JumpSend also doesn’t appear to limit the number of deals you can claim at a time (as of writing this, at least). Their website has a books category that offers both physical discounted books and even free electronic ones. Many deals at JumpSend come really close to free, with some items selling at less than 50 cents.
Snagshout is again one of the oldest and most popular websites of its kind. For shoppers, the top advantage there is that you can instantly claim a deal or “snag”. You don’t have to wait for seller approval. You can only accumulate up to 5 snags at once though, and their team monitors whether you leave reviews or not on Amazon products you’ve claimed deals for.
Their customer support is usually very responsive and helpful. You can sort deals by popularity, price, biggest % savings as well as filter based on category and min/max price. You can also choose to show prime-eligible deals only to save on shipping if you’re a Prime member.
#4 Product Elf
Product Elf is a popular one with over 40,000 active reviewers and a wide product selection. Many products there retail for $5 or less though, and deals might not always be that enticing (since even if you get 80% off $5….it’s still $5 at the end of the day so not that much savings in terms of $$$).
They have offers that both instantly approve you or require merchant approval before you can redeem them. Offers in here can disappear quickly due to the site’s popularity, but the constant updates make up for it as the team works hard to keep the website fresh with new deals. Product Elf is also quite popular for supplement-related deals, if that’s your cup of tea.
Out of the bunch, perhaps these guys come on top when it comes to offers on products retailing at 50 bucks or more. They don’t require merchant approval before you’re allowed to claim the offer and their deals are mostly pretty solid.
For less expensive products, you can also often find 100% off promo codes (giveaways). You should take note of each offer’s redemption terms, though, as sometimes the merchant would expect you to do more than just post an Amazon review. They might require a social media share/post, a blog post, a review on another website (other than Amazon)…etc. So before claiming an offer, make sure you’ve read all the terms.
This is a smaller site that isn’t updated as frequently as the other ones. This makes it harder to find freebies on there as they’re claimed quickly. The website works with a “credit-like” system called deal tickets. When you sign up, you get 200 deal tickets. To claim an offer, you’ll typically spend 100 deal tickets.
There are two ways to get deal tickets. You can do so either by reviewing products you’ve tried out or by buying them at $1 a pop. The deals here are at least 75% off, but as mentioned earlier, there isn’t really a huge variety of products and the website isn’t updated that frequently.
#7 I Love to Review (DealHustl)
These guys send a daily email with the latest deals. There aren’t that many deals and people compete fiercely to claim them, so you’ll have to take action quickly if you’re particularly interested in an item.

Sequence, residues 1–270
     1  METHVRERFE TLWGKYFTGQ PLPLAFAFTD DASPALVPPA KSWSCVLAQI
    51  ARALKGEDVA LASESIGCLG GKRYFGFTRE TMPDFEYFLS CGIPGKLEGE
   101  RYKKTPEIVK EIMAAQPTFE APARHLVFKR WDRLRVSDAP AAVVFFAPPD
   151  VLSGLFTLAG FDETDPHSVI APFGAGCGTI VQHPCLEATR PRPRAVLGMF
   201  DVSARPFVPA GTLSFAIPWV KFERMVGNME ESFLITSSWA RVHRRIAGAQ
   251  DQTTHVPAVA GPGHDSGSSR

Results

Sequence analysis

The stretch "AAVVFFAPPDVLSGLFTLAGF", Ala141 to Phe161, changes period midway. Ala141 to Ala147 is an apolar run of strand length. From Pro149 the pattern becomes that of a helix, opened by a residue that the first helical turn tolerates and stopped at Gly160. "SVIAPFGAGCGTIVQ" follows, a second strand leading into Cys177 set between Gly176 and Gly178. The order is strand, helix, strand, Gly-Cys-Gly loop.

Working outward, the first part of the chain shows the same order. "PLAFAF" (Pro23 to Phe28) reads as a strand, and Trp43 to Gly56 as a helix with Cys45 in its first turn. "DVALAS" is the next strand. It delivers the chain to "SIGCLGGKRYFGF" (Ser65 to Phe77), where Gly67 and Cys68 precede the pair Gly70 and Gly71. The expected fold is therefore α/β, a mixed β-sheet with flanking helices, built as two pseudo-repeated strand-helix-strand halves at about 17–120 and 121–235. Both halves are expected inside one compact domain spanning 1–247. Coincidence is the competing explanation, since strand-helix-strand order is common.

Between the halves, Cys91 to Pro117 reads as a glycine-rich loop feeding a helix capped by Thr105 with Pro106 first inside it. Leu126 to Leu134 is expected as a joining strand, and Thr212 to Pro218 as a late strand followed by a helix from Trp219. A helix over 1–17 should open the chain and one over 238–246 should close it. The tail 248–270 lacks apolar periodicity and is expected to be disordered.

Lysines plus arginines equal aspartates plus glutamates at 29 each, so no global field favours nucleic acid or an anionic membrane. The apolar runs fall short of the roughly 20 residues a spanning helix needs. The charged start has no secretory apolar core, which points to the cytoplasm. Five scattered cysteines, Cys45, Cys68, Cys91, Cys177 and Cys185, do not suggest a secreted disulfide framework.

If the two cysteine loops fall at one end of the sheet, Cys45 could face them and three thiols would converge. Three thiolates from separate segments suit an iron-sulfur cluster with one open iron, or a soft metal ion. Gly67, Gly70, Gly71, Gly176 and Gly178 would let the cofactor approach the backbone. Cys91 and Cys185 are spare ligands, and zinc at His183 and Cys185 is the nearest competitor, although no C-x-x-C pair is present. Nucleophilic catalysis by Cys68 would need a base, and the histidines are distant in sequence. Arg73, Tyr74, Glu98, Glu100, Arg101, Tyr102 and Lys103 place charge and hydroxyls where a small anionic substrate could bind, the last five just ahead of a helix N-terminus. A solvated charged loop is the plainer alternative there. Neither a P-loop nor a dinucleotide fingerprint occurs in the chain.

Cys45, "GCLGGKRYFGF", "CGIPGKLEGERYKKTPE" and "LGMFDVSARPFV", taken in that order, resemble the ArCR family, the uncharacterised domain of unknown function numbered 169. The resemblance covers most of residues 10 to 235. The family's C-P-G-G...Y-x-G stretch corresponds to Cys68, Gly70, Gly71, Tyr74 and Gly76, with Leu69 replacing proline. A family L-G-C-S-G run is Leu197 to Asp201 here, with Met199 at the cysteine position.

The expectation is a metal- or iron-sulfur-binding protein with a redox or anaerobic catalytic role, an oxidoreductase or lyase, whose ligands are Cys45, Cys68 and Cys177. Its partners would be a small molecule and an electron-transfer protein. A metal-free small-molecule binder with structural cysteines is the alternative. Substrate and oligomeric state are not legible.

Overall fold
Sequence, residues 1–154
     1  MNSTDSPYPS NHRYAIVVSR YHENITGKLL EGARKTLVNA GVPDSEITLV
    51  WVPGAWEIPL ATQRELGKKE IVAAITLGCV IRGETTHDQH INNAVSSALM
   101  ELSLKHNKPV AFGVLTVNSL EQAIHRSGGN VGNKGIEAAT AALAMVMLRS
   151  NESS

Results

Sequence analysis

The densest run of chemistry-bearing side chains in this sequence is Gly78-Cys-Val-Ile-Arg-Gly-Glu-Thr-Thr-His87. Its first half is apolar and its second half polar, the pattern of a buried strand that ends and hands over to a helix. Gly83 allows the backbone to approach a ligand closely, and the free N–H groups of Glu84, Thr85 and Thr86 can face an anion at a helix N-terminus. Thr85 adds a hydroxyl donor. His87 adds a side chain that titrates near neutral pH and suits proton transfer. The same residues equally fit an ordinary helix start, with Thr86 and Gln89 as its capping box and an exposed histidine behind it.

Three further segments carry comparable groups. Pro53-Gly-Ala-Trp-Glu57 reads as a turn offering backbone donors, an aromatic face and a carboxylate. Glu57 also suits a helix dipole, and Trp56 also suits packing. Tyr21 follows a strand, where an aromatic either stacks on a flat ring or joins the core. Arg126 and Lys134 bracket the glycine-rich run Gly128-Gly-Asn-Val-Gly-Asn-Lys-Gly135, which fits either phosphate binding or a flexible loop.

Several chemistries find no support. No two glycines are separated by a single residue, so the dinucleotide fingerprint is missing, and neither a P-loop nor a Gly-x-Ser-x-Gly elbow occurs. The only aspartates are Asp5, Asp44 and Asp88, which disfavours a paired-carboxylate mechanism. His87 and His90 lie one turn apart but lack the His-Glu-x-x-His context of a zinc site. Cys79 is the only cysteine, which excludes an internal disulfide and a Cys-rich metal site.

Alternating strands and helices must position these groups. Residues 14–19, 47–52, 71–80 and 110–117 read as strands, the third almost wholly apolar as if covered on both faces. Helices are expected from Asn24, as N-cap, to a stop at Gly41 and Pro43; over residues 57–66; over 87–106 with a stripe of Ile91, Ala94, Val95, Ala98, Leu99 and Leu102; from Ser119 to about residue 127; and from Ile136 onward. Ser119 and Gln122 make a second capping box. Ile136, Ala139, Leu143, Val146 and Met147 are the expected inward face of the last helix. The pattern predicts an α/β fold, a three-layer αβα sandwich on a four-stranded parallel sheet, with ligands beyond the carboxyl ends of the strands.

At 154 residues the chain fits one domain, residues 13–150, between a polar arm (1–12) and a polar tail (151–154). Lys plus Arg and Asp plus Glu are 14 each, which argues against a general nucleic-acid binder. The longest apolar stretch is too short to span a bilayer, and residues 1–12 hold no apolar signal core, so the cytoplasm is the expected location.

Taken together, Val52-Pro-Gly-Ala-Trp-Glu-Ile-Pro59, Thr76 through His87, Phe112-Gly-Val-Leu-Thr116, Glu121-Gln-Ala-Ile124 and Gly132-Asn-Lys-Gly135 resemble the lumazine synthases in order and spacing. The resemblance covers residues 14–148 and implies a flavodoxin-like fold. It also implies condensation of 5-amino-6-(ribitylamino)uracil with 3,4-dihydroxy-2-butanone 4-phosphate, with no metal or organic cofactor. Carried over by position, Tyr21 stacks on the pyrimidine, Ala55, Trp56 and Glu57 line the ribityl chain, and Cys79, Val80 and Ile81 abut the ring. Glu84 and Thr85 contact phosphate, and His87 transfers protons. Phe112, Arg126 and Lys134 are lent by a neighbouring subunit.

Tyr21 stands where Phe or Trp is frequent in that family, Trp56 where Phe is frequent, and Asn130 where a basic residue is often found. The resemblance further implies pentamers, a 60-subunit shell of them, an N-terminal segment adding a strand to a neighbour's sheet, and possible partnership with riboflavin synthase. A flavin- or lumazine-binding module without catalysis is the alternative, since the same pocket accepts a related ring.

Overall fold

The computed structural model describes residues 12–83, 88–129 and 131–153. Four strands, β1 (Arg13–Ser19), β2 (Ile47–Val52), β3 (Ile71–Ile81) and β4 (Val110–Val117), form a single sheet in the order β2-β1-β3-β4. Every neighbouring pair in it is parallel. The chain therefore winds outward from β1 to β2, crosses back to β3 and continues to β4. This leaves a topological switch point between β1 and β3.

Their branding changed to “DealHustl” now, though, and the new website seems a little dodgy. I still included them on this list because they’ve been a solid resource for quite a while.
Like DealHustl, VIP Power Club sends you the latest offers via email, so no going through their website digging for deals. While I’m no fan of any kind of promotional emails (I unsubscribe from all promotional newsletters without even looking at them), the deals from VIP Power Club are worth it.
You can expect to pay around 5 bucks per item, and discount on most items is 90% off or more. One thing to note is that VIP Power Club really values Amazon users with constant buyer activity and a history of credible reviews. Without those, you may have a hard time getting offers or even getting in, in the first place.
#9 Honest Few
Also mailing-list based, Honest Few allows you to sign up to receive discount offers when available. They typically have deals that are over 80% off their retail price. Their most prominent niche is health and beauty, but they do have offers from other niches as well. It’s free to join Honest Few.
#10 Loot Hoot
Loot Hoot runs offers ranging from 40% to 100% off. Their website doesn’t only support the US Amazon marketplace but international marketplaces as well including Amazon CA, UK and others. This can be great for international shoppers but confusing for US-based shoppers as it makes it harder to find relevant deals. Thankfully, you can filter the deals out by country to get around that easily.
Loot Hoot also runs a weekly contest and the winner gets a $25 Amazon gift card. Might not seem like much but it’s a nice touch considering most competing websites don’t have anything similar running.
Joining the website is free and you can sign up in a couple of clicks using your existing Facebook account.
ProductTesting is relatively new compared to the other websites on this list. They let you browse deals through their website or receive them via their email newsletter. Having the two options is pretty convenient, especially for promotional email haters like me.
Their discounts start at 20% and go all the way to 99%. They don’t have a crazy selection of products but most deals are worth it. For instance, their website shows (as of writing this) 53 available products from over 160 sellers. They also do have many products selling at just a single cent.